Words The Cultural Center of the Philippines and the Kanto Team
Photos Patrick Kasingsing
Editor’s note: What follows is an edited press release provided by the Cultural Center of the Philippines. For more information on the CCP Theater, its architect Leandro Locsin, and its importance in the realm of Philippine architecture, read our pieces within Kanto.com.ph at the end of the article.
CCP Brings the Curtain Down on its Main Building
September 2, 2022, Cultural Center of the Philippines
The Cultural Center of the Philippines (CCP) gives way to the long-overdue rehabilitation of its Main Building and decides to close its theaters and indoor venues starting January 2023 until December 2024.
After more than 50 years, the Tanghalang Pambansa (CCP Main Building) undergoes a major facelift through a three-year rehabilitation plan.
“We will not keep any stone left unturned. The CCP rehabilitation plan emanates from the building audit done from 2018 to 2019. We initially planned to start reconditioning the Main Building right after the 50th anniversary, but the pandemic happened and we had to make do with what we can, with the budget we have,” shared concurrent CCP president Margie Moran-Floirendo.
The renovation works have already started at the Tanghalang Aurelio Tolentino (CCP Little Theater) this year, as well as the Silangan Hall, the fourth floor, and the former Design Center Building where the offices will transfer in the coming months.
Executive offices and conference rooms will move to the Ramon Magsaysay Center, located in Malate, Manila.
While the renovation proceeds as planned, the programs and projects of the premiere art institution continue. In the next two years, the CCP will mount performances, concerts, and other events inside and outside the CCP Complex, fully utilizing its outdoor venues.
The inauguration of the Tanghalang Ignacio B. Gimenez is a welcome development for the Center. The new Black Box Theater has 320 seating capacity with flexible theater expanse, adjustable to the artistic and technical needs of any productions.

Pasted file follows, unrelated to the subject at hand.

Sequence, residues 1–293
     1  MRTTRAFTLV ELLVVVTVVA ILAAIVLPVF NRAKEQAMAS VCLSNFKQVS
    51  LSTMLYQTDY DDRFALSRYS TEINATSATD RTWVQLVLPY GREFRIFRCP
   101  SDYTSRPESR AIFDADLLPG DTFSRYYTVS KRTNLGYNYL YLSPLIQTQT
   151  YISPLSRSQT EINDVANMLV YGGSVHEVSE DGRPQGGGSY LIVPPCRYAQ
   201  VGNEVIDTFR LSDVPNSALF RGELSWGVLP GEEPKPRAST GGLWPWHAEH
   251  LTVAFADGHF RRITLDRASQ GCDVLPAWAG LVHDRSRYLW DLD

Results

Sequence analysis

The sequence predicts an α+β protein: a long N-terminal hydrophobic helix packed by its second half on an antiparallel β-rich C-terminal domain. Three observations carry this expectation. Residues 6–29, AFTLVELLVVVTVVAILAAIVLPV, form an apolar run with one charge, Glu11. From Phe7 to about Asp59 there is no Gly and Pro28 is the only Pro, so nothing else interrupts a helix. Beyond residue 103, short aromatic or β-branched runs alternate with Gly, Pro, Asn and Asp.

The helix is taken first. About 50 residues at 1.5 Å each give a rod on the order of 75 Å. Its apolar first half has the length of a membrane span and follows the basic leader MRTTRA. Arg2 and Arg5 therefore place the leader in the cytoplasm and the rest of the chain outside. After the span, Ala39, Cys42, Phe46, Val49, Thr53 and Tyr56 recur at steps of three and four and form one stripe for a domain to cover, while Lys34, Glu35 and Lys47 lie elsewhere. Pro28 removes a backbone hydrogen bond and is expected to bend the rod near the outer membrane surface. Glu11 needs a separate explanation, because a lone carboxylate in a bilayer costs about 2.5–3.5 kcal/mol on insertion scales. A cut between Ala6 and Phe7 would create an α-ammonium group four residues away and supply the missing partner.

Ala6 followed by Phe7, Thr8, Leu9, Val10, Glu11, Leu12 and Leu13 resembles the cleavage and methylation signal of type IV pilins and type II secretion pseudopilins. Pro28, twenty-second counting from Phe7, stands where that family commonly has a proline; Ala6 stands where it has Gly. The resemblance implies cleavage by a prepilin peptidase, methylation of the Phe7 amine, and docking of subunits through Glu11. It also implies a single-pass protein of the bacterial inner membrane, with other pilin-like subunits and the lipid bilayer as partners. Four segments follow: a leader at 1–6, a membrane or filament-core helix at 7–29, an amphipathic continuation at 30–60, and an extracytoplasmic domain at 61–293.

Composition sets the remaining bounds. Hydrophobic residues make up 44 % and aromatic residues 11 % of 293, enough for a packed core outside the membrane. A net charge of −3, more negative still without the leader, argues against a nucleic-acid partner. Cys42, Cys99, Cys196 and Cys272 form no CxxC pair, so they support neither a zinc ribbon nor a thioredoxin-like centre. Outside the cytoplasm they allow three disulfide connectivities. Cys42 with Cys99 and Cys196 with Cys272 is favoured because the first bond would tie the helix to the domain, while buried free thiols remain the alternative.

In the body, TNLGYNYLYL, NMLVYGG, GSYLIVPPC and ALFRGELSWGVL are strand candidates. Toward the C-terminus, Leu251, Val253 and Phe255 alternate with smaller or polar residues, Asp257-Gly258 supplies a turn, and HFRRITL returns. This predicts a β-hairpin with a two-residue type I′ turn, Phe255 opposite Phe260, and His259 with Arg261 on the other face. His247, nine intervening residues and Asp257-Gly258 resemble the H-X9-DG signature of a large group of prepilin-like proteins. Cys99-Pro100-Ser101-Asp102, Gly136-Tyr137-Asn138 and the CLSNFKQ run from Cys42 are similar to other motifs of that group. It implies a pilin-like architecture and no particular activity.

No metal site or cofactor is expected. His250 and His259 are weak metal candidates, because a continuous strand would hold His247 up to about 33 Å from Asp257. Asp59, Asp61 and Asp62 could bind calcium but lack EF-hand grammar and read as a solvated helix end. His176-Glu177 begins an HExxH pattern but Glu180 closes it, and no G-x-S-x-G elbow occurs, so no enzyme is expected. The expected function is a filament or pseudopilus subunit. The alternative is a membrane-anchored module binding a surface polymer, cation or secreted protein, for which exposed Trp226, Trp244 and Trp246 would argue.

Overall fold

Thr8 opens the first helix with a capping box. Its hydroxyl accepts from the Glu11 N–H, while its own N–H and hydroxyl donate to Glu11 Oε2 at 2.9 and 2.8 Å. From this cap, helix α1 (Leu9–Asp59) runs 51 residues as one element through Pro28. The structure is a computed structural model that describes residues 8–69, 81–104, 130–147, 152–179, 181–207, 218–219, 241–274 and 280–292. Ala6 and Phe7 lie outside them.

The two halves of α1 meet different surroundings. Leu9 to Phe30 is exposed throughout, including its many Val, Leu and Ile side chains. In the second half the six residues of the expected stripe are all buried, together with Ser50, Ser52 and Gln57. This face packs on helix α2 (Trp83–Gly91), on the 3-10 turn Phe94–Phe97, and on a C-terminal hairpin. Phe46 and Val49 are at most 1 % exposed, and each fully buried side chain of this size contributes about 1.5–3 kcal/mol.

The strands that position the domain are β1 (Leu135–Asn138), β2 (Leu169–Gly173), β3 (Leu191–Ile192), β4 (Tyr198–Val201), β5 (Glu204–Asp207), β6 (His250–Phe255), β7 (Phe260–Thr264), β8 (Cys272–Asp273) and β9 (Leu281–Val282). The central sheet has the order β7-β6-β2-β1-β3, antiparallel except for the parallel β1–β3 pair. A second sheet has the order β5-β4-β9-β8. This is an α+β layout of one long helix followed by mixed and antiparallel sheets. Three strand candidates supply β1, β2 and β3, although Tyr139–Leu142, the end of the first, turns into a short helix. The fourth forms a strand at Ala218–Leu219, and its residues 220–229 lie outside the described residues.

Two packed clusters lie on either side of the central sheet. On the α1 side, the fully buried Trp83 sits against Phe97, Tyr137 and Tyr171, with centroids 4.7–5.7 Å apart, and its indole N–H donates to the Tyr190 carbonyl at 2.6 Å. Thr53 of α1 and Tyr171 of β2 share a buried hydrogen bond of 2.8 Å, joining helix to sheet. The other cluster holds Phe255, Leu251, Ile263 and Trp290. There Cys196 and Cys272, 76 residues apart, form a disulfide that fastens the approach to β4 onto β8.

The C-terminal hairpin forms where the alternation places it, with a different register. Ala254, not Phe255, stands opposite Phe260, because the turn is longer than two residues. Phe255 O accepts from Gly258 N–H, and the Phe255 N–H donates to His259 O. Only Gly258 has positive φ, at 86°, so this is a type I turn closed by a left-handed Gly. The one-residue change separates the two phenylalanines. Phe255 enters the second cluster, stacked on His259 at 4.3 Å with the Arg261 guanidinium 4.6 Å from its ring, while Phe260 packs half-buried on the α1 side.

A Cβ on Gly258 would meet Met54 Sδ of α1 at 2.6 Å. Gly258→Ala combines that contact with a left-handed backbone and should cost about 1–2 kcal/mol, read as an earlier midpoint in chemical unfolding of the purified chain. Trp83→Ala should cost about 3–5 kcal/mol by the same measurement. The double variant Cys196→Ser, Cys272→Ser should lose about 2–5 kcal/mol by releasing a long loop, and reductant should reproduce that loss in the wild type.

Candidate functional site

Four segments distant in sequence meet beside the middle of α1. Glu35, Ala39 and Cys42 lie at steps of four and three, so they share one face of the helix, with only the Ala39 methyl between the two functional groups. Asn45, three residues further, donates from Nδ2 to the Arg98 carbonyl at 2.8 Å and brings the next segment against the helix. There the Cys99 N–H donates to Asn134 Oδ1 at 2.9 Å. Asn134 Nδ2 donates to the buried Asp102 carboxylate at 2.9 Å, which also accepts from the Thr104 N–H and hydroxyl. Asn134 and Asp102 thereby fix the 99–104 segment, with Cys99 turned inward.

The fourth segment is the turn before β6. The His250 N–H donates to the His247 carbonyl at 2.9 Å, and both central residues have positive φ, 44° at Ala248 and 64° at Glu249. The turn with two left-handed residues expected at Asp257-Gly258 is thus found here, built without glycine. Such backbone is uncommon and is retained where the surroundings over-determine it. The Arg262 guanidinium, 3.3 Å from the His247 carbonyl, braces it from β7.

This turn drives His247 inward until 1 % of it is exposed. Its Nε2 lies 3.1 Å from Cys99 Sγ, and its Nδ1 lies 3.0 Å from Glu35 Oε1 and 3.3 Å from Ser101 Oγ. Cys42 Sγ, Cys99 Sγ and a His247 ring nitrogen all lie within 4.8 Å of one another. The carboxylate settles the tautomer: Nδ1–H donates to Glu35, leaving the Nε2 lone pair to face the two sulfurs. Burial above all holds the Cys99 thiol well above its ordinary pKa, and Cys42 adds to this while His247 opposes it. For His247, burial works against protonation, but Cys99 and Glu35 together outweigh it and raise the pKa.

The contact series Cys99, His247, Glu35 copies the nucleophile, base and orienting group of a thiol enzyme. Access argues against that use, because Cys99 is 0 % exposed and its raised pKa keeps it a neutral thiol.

The experimental theater will be inaugurated on September 8, with performances highlighting its limitless possibilities as well as its inaugural artistic season offerings, including Tanghalang Pilipino’s Anak Datu and Repertory Philippines’ Carousel, among others.
The cultural complex also has several outdoor venues that can be utilized as performance areas, such as the Liwasang Ullalim, which was the venue for the Cinema Under the Stars, the plaza inside the Harbor Square, and the CCP Concert Ground, among others.
Maximizing its strong cultural network, the CCP intends to expand its reach to the regions with its outreach programs and art education projects. The Cultural Exchange Department and the Art Education Department have programs in various parts of the country and will continue to do so in the coming years.
“While the renovation proceeds as planned, the programs and projects of the art institution continue. In the next two years, the CCP will mount performances, concerts, and other events inside and outside the CCP Complex.”
For the fourth quarter of the year, the CCP artistic season goes full blast, starting with the CCP Anniversary Gala. Celebrating the 53rd founding anniversary, the CCP presents Musikal II on September 10, featuring excerpts from original Filipino musicals staged from 2015 to 2021.
The Bulwagang Juan Luna (CCP Main Gallery) will have its last exhibit before the venue closes down. On display from September 4 to December 4, 2022, “Imelda Cajipe-Endaya: Pagtutol at Pag-asa” exhibits over 200 artworks and archival materials surveying the artist’s intensive practice in printmaking, painting, collage, and installation from the 1960s to the present. This is the first retrospective exhibit on the life and works of Cajipe-Endaya.
During the time when the CCP galleries are shut down, the CCP art collection will be on traveling exhibitions, starting with a print exhibit at Arthaland Century Pacific Tower on 5th Avenue and 30th Street, Bonifacio Global City, Taguig, opening on October 13.
Part of the collection will be on loan at the Metropolitan Museum of Manila, and at the National Museum.
“The CCP Main Building might be closed, but we promise that we remain true to our mandate to promote artistic excellence, nurture our artists, create artistic and educational content, and engage the broadest audiences in art making and cultural experiences. We are committed to remain the leading art institution in the country,” concluded Moran-Floirendo. •